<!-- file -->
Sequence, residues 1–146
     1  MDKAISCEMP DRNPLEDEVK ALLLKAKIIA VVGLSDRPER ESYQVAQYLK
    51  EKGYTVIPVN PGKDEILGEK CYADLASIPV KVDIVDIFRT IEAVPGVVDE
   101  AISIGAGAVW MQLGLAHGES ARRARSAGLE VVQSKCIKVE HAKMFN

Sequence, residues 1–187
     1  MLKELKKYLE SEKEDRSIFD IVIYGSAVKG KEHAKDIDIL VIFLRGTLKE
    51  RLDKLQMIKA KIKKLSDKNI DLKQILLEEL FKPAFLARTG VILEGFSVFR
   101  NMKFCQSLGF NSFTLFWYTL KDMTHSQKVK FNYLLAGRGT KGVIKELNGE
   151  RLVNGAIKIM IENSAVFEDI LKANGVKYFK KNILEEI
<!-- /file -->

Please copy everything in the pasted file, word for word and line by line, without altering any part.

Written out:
Sequence, residues 1–146
     1  MDKAISCEMP DRNPLEDEVK ALLLKAKIIA VVGLSDRPER ESYQVAQYLK
    51  EKGYTVIPVN PGKDEILGEK CYADLASIPV KVDIVDIFRT IEAVPGVVDE
   101  AISIGAGAVW MQLGLAHGES ARRARSAGLE VVQSKCIKVE HAKMFN

Sequence, residues 1–187
     1  MLKELKKYLE SEKEDRSIFD IVIYGSAVKG KEHAKDIDIL VIFLRGTLKE
    51  RLDKLQMIKA KIKKLSDKNI DLKQILLEEL FKPAFLARTG VILEGFSVFR
   101  NMKFCQSLGF NSFTLFWYTL KDMTHSQKVK FNYLLAGRGT KGVIKELNGE
   151  RLVNGAIKIM IENSAVFEDI LKANGVKYFK KNILEEI